I tried to clean install linux mint, zorin os and elementary into my windows laptop.

But every time I try to Install any linux OS I get the following error ERST:Can not request [mem 0x6feff000-0x6fefffff] for ERST and the screen starts blinking.

I even tried to dual boot along side windows but it is the same.Although I am able to install any windows os without any problem.

closed as too broad by jasonwryan, Philippos, GAD3R, Stephen Rauch, Archemar Sep 11 '17 at 14:05

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  • At least provide the laptop brand/model you are using, as well as BIOS version so people that want to help can have a starting point. Also, the fact that you have tried three Linux distributions doesn't mean that you cannot install any Linux-based OS. – schaiba Sep 11 '17 at 8:13
  • Apologies @schaiba.I am using a Dell 10z 1120 with a BIOS version A06. – Maaz Shaikh Sep 11 '17 at 8:39
  • Usually the error you're mentioning should be harmless and it's BIOS-related. Are you sure that the OS doesn't continue the boot process if you wait for a while? – schaiba Sep 11 '17 at 8:52
  • Please also specify what method you are using to install? The standard approach is still to use a CD or DVD. For Debian, at least, the most common method is probably to use a small "netinst" CD, get a basic system running, and then download the rest over the network. Other methods are used, of course, but are much less common. Also, what Linux distributions did you try to install? – Faheem Mitha Sep 11 '17 at 8:54
  • @schaida The OS does continue the boot up but it takes 5-10 minutes every time I boot my laptop.Sometimes it gets stuck on the error screen blinking and doesn't go any further. – Maaz Shaikh Sep 11 '17 at 9:05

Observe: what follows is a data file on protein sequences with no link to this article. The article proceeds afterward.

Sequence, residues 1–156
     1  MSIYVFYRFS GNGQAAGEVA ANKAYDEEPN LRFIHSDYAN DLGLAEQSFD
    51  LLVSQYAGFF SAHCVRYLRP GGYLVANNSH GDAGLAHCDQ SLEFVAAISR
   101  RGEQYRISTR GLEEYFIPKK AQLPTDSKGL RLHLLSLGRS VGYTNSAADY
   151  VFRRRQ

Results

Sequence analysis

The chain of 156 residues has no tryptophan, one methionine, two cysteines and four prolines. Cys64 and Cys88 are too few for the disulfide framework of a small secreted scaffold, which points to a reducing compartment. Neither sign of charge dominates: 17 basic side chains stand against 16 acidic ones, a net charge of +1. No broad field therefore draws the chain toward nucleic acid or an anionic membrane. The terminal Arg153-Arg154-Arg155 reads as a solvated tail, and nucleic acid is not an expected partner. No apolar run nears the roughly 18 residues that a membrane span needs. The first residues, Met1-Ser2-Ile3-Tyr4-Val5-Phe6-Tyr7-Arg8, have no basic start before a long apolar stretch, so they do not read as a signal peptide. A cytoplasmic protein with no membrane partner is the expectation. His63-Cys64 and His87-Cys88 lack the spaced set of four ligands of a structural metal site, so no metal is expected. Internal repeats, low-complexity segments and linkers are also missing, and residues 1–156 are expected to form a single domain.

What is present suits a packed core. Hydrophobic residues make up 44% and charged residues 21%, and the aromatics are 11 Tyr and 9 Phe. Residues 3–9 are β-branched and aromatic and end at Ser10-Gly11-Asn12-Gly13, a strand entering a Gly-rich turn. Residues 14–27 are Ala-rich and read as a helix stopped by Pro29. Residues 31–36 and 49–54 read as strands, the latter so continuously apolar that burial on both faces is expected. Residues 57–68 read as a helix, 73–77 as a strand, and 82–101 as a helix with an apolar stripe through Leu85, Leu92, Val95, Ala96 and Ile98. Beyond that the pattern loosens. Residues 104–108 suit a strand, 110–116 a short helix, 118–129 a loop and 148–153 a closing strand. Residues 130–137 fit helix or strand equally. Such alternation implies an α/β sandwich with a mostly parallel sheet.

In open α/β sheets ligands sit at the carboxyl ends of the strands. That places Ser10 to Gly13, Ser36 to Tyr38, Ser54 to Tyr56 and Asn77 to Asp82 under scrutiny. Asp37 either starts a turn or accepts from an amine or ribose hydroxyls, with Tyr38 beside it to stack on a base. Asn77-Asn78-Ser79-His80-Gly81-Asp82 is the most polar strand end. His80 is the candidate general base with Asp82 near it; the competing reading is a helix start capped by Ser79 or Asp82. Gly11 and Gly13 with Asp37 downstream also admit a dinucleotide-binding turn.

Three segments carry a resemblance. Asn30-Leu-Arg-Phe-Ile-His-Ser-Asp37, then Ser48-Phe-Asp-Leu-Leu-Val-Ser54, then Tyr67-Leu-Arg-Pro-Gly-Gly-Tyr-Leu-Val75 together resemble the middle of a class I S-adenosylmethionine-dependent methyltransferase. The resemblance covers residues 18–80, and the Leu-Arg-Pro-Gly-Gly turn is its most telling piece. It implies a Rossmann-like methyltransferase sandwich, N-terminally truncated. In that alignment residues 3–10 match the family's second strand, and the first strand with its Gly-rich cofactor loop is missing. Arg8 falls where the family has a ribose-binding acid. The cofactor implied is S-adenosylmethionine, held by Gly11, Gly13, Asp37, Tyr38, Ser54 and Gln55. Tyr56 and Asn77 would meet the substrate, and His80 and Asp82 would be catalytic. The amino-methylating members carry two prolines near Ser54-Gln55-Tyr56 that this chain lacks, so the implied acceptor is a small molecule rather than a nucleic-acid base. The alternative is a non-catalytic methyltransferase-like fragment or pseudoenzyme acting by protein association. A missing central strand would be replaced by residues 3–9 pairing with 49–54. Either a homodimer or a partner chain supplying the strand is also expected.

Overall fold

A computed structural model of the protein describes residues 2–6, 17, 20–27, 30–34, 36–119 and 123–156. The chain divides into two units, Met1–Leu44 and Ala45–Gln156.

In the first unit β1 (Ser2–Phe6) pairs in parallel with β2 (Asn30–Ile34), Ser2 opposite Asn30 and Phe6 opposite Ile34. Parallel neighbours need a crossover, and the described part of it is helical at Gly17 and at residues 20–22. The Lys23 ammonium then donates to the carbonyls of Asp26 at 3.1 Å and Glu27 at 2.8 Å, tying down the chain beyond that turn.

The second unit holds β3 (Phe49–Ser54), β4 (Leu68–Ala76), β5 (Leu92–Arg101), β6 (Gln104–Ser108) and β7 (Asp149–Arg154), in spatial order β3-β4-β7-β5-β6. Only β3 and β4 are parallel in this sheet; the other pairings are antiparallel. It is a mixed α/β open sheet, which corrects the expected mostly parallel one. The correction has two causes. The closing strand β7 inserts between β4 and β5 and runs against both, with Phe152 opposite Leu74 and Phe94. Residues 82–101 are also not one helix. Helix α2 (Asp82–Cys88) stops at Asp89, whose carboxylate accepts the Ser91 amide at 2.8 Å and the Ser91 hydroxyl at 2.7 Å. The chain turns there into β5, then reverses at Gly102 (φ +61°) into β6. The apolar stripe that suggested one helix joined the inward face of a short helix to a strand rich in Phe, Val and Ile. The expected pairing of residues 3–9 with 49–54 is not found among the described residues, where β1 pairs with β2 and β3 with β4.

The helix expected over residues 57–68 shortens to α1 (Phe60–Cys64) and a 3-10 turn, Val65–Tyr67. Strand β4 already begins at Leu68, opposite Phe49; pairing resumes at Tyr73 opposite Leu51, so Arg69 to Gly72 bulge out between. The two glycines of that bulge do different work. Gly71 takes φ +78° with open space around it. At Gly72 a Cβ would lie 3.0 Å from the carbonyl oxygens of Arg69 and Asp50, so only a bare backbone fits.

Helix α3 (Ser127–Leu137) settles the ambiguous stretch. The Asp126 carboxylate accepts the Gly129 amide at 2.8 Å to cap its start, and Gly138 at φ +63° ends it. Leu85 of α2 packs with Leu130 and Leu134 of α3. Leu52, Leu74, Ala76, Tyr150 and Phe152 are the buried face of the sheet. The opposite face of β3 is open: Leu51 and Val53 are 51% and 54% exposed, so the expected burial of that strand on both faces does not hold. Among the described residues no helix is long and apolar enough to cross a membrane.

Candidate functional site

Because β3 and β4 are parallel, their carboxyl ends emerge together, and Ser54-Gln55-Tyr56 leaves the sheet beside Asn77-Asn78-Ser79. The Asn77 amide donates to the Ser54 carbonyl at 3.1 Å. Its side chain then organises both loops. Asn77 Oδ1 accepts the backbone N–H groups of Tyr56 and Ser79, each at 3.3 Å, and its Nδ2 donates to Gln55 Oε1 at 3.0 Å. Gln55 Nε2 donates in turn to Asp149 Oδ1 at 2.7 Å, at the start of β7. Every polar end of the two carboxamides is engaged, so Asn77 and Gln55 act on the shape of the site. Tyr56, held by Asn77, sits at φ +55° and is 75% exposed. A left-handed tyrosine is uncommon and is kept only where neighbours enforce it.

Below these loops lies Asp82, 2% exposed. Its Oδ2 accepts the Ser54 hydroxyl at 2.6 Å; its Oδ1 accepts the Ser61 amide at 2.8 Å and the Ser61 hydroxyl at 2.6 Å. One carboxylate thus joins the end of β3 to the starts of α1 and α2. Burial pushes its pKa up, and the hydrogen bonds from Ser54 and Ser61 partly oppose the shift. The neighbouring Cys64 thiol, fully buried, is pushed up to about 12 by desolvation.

If your just want a Linux distribution for learning shell scripting, I would wholeheartedly recommend installing Linux in a virtual machine.

Use something like, for example, VirtualBox.

This way, you will have the ability to seamlessly switch between your Linux shell and your more familiar Window environment and you would be able to test out different partitioning schemes, filesystems, network configurations etc. without the fear of destroying your files in Windows. It would also mean less hassle from possibly unsupported hardware.

Later, when you feel more confident, you could install Linux (or some other Unix) on the machine, either as a dual-boot solution or as the only OS on the computer (and run Windows inside VirtualBox on the Linux system).

But, as I said, if you just want to learn shell scripting in Linux, install a some virtual machine software, create the empty virtual machine with a 20 GB or so large disk image, and boot the installation ISO.

I'm running OpenBSD 6.1 without X11 in VirtualBox on top of a Windows 10 laptop. This is my main everyday working platform since a couple of years.

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